The relevant source is a Colonial Office despatch dated 14 June 1901 which requested that the use of the "Tudor Crown" be adopted throughout the colonies. The Governor General of Australia had earlier requested each of the State Governors to provide advice on whether any of the new states wished to change their seals or flag badges having regard to the formation of the Commonwealth of Australia on 1 January 1901 and the accession of King Edward VII. The Victorian Premier Alexander Peacock advised Lieutenant-Governor Sir John Madden (acting Governor) on 27 August 1901 that there needed to be only minor changes to the Seal and the change to the drawing of the Crown on the state badge. This advice was communicated to the Secretary of State for Colonies in the despatch quoted by Christopher and a similar letter to the Governor General.

Another error on the Insignia sheet was that Victoria's first Colonial warship was described as H.M.A.S. Nelson , when it should have been H.M.C.S. Nelson - one of Her Majesty's Colonial Ships, rather than an "Australian" ship. My copy of the publication had hand changed this error to the still erroneous H.M.V.S. Nelson!
Ralph Kelly, 6 September 2004

Apparently, in 1901, the "Tudor Crown" and "Imperial Crown" were not one and the same. It is strange that the title "Imperial Crown" has been transferred from the "St Edward's Crown", to the "Tudor Crown", when the former is similar in appearance to the "Imperial State Crown", while the "Tudor Crown" is not.
David Prothero, 9 September 2004

See also: British crowns on flags

An image of the "Flag Badge" with Tudor Crown for use in Victoria, either on the State Flag (as shown), or within a dark blue shield on a white disc on the State Governor's Flag from 1901-53 was prepared by the British Admiralty in 1903.
Ralph Bartlett, 7 September 2004

This image has written on it "Badge as amended in 1903." [my emphasis] Was this the badge in use from 1901 and, if so, does anyone know why it might have been amended, rather than simply approved by the Admiralty in 1903?
Colin Dobson, 9 September 2004

The note by the 1877 shield badge indicates that it was approved in Admiralty letter 5301 of 1878. The badge has been scored through because it was no longer correct.

Written below and to one side of it is the note, "See Admy 29663 [over] 1901, General - Amended Badge" and again, "See Admy 29663 [over] 1901, (amended badge)"

Thus the round badge is that shown in 1903, but the correct version of the shield badge is in Admiralty letter 29663 of 1901.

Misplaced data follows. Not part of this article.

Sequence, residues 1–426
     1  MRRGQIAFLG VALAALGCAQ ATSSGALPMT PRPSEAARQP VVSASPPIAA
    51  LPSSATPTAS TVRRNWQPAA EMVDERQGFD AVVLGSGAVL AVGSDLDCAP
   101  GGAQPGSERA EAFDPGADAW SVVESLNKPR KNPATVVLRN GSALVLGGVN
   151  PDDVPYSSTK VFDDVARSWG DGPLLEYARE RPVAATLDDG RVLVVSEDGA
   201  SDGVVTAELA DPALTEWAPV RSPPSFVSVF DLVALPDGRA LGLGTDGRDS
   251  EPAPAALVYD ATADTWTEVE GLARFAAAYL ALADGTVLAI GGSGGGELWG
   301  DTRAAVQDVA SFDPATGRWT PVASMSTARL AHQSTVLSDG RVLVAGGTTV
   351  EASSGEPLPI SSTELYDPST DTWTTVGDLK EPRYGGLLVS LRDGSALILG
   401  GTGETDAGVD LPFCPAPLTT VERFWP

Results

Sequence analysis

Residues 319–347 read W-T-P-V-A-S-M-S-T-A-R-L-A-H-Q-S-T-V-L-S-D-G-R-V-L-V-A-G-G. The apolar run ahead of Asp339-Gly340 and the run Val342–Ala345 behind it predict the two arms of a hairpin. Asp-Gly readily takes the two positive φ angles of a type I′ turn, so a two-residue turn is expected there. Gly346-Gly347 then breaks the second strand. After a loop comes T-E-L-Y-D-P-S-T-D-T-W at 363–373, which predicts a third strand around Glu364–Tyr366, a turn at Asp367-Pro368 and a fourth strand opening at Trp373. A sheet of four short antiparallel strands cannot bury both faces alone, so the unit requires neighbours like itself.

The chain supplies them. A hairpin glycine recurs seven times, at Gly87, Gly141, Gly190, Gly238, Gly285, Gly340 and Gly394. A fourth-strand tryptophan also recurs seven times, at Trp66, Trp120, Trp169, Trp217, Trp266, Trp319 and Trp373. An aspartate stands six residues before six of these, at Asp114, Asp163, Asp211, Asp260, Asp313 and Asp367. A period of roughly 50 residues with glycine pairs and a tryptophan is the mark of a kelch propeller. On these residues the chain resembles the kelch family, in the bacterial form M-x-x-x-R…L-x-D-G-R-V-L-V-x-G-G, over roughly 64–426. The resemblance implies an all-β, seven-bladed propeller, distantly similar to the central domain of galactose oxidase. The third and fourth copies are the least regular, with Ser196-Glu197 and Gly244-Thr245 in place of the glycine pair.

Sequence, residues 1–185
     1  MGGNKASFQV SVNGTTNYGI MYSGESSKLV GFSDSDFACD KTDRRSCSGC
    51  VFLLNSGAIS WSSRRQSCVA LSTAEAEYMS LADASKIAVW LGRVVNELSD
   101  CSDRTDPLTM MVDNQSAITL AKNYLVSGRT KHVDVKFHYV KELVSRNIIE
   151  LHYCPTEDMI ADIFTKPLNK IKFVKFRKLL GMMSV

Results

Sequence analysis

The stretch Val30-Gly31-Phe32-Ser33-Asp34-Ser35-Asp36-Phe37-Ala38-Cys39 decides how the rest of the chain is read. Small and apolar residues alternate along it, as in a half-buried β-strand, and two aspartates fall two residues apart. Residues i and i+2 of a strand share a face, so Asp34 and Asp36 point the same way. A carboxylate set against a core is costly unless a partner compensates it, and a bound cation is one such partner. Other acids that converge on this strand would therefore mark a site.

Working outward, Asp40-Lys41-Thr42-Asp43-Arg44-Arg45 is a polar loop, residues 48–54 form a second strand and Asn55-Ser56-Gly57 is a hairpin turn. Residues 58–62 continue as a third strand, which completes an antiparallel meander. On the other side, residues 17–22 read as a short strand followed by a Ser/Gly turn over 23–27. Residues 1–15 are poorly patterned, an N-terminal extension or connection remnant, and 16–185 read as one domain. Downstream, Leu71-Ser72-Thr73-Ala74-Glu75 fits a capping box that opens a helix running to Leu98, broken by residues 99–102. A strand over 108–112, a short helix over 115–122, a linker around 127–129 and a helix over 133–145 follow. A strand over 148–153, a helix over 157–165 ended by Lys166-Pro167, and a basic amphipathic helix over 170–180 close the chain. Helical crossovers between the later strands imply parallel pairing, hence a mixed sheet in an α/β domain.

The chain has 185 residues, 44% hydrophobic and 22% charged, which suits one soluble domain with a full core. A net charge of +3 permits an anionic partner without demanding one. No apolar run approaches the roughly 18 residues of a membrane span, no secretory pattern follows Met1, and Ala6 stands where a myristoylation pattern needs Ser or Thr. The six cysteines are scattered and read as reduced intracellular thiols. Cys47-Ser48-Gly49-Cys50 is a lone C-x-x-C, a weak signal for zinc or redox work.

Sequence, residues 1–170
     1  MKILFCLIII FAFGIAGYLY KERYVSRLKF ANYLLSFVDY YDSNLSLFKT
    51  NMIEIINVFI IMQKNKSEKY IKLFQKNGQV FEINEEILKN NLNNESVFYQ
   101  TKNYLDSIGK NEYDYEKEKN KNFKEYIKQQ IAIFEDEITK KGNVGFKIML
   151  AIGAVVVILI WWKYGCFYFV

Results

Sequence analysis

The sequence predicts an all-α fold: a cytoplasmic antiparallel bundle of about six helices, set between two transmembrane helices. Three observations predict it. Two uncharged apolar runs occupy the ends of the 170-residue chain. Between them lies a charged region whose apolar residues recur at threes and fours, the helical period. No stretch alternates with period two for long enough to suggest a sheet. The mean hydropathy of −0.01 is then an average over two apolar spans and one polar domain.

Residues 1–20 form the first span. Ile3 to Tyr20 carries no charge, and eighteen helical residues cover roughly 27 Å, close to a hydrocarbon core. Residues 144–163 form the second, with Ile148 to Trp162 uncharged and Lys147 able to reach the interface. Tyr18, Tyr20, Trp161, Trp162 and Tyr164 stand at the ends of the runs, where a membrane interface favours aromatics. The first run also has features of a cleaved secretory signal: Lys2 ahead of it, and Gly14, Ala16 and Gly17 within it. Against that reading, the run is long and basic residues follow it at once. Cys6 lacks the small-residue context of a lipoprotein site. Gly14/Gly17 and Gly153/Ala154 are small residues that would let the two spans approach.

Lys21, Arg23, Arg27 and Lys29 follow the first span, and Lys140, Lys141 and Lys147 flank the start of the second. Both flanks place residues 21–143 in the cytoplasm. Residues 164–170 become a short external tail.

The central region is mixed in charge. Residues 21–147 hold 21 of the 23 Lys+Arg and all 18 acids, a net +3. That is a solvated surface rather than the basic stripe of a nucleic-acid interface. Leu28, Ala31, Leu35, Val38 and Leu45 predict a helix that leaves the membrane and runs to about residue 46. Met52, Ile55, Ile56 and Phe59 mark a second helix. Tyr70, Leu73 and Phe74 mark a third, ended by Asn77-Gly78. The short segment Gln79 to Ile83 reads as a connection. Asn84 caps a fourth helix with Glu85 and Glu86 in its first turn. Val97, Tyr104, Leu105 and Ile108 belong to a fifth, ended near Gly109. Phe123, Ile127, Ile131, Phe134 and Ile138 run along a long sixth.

David Prothero, 10 September 2004


Colonial Red Ensign

[Victorian colonial red ensign, 1870-75, probably to 1903] image by Martin Grieve, 27 Jan 2009

When the Governor of Victoria informed the Colonial Office that the Executive Council had adopted the Southern Cross as the badge for the fly of the Blue Ensign [in 1870], he added that the Council had also recommended that, subject to the approval of Her Majesty the Queen, it should be the distinguishing mark in the fly of the Red Ensign of ships registered in the colony. The Board of Trade were responsible for regulating merchant shipping and the Colonial Office, which had not expected a request of this nature, considered consulting them, but probably did not. On 22 July 1870 the Colonial Office informed the Governor of Victoria that, together with the Blue Ensign, the Red Ensign was approved.

In March 1874 the British Consul in Le Havre reported that "British ships registered in the North American provinces have a Red Ensign with a kind of shield, on which are displayed sundry emblems, in the fly thereof. I am informed by their captains that it is the flag of the Dominion of Canada and is given to all vessels belonging thereto and clearing out therefrom, and that they have to pay a certain sum for it." The Consul asked the Board of Trade for instructions as, in his opinion, this rendered null and void, Section 105 of the Merchant Shipping Act of 1854, and paragraph 17 of the Board of Trade Instructions to Consuls.

Opinion on the matter was divided. One law officer though that “The flag is not a distinctive national colour other than a Red Ensign, but a Red Ensign with an unimportant addition, which by no means makes it resemble any other distinctive national flag, and that consequently it is very doubtful whether the Act would have been infringed even had the Admiralty not agreed to the change.”